Alexandra (Ali) Urza to present at August meeting.

At the August meeting Alexandra (Ali) Urza, a plant ecologist and PhD candidate at the University of Nevada, Reno, will be addressing the expansion and increasing dominance of highly flammable invasive cheatgrass in the Great Basin.

Expansion and increasing dominance of the highly flammable invasive annual grass, cheatgrass (Bromus tectorum), is transforming native ecosystems in the Great Basin, resulting in increased fire risk and altering ecosystem processes such as nutrient cycling and soil water flux and storage.  Where pinyon-juniper woodlands and sagebrush shrublands overlap, prescribed fire and other tree-reduction measures are often used to maintain native shrub- and grass-dominated habitats and conserve sagebrush obligate animal species.  Post-fire management objectives typically prioritize the recovery of perennial herbaceous species that can increase resistance to invasion by fire-adapted exotics such as cheatgrass.  However, fires can also facilitate cheatgrass invasion, and a major management challenge is predicting which parts of the landscape are most susceptible to invasion (and how to manage landscapes that are susceptible).  She will share the lessons they have learned from a long-term study of understory vegetation responses to prescribed burning in pinyon-juniper woodlands.

Alexandra (Ali) Urza is a plant ecologist who studies the role of disturbance and climate in shaping ecosystems of the western US.  She has a B.A. in Policy Studies from Reed College, an M.S. in Ecology from Colorado State University, and is currently in the last stages of a completing a PhD at the University of Nevada-Reno.  Ali previously worked for the BLM as a Natural Resource Specialist and a wildland firefighter.  Her science addresses basic questions of the drivers of plant species distributions while supporting the sustainable management of natural resources.

The Alpine Biomass Collaborative (ABC) was not successful in its application for one of Alpine County’s Small Grant Program grants.  A working group is being formed to work to improve relations with the County.

The August meeting is scheduled for Tuesday August 7th at 6:00 pm at Turtle Rock Park.

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July Meeting Summary

Our meeting on July 3rd, 2017 at Turtle Rock Park was attended by 16 members of the public and agencies.

Dr.Hugh Safford, Regional Ecologist for the USDA-Forest Service’s Pacific Southwest Region gave a provocative and entertaining presentation titled Fear and loathing in the Sierra Nevada: confronting a wicked problem.  Like many of our previous speakers, Dr. Safford laid out a convincing case that if we want to continue to have our forests and the benefits they provide, we must invest in restoring their health.  One of the key benefits of course is the quality and to some extent the quantity of water that we all depend on.  Dr. Safford’s latest publication can be accessed here.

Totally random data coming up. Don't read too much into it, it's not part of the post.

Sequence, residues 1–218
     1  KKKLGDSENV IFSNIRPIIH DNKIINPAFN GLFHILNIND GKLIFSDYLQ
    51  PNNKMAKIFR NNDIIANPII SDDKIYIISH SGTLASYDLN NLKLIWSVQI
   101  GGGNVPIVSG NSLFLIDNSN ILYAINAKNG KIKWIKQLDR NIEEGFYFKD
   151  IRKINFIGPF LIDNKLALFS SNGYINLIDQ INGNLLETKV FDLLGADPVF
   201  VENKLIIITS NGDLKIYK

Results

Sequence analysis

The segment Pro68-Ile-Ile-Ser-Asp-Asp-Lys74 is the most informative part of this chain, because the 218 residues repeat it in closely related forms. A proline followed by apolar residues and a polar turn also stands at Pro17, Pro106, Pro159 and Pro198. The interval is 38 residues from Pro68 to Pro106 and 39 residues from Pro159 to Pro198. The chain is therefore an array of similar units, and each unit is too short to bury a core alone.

The application for an $80,000 grant from the Economic Development Administration (EDA) has been submitted and is undergoing an expedited review.  Hopefully there will be a favorable decision in the next couple of months.  The grant, together with the $20,000 0% interest forgivable loan will be used to conduct a “feasibility study” on how best to reduce the excess biomass in our forests and improve the local economy.  Applying for this grant would not be possible without the support of CHIPS which is the fiscal agent.

A discussion was held on how best to improve the County Board of Supervisors’ and staff’s understanding of what the Alpine Biomass Collaborative (ABC) is and what its goals are was discussed.  It was agreed to put an item on the next agenda to decide how best to proceed.

Participant updates included the following.  Matt Driscoll, SNC, reported that pre-applications for the Proposition 1 and Proposition 68 grant program are due July 25th and final applications are due October 1st.  Elissa Brown plans to offer a grant writing workshop in the fall.  Marina Vance, AWG, reported that the Markleevillage Fuels Reduction Project is complete.  She thanked the ABC for sponsoring her to attend the SCALE conference.  Ron Hames reported that the Community Wildfire Protection Plan is available online.  Mark Schwartz reported that the refurbished of welcoming signs to Markleeville will be finished soon.  Thanks to efforts by Mary Rawson the Markleeville Enhancement Club received $3,400 in contributions and a Frontier money grant from the County.  David Griffith reported that he attended a meeting on climate adaptation and funding sponsored by the Governor’s Office of Planning and Research and the Federal Reserve Bank of San Francisco.  Current calculations by CalEnviroScreen eliminate rural counties from the needs list, however the Office of Emergency Services does have mitigating funding for fuels reduction available for public and private lands.  The ABC and others can apply for these funds once the County’s Hazard Mitigation Plan is approved, which could happen as early as August 7th.

The next meeting is set for Tuesday August 7th at 6:00 pm at Turtle Rock Park.  Ali Ursa, a PhD candidate at the University of Nevada, Reno will be addressing us in August.  Dr. Wesley Kilasten of the US Geologic Survey will be presenting his research on meadow restoration and water supply in the Carson River basin in September.  In October Steve Frisch and Chris Mertens of the Sierra Business Council will be making a presentation on the Loyalton biomass-to-bioenergy facility in Sierra County.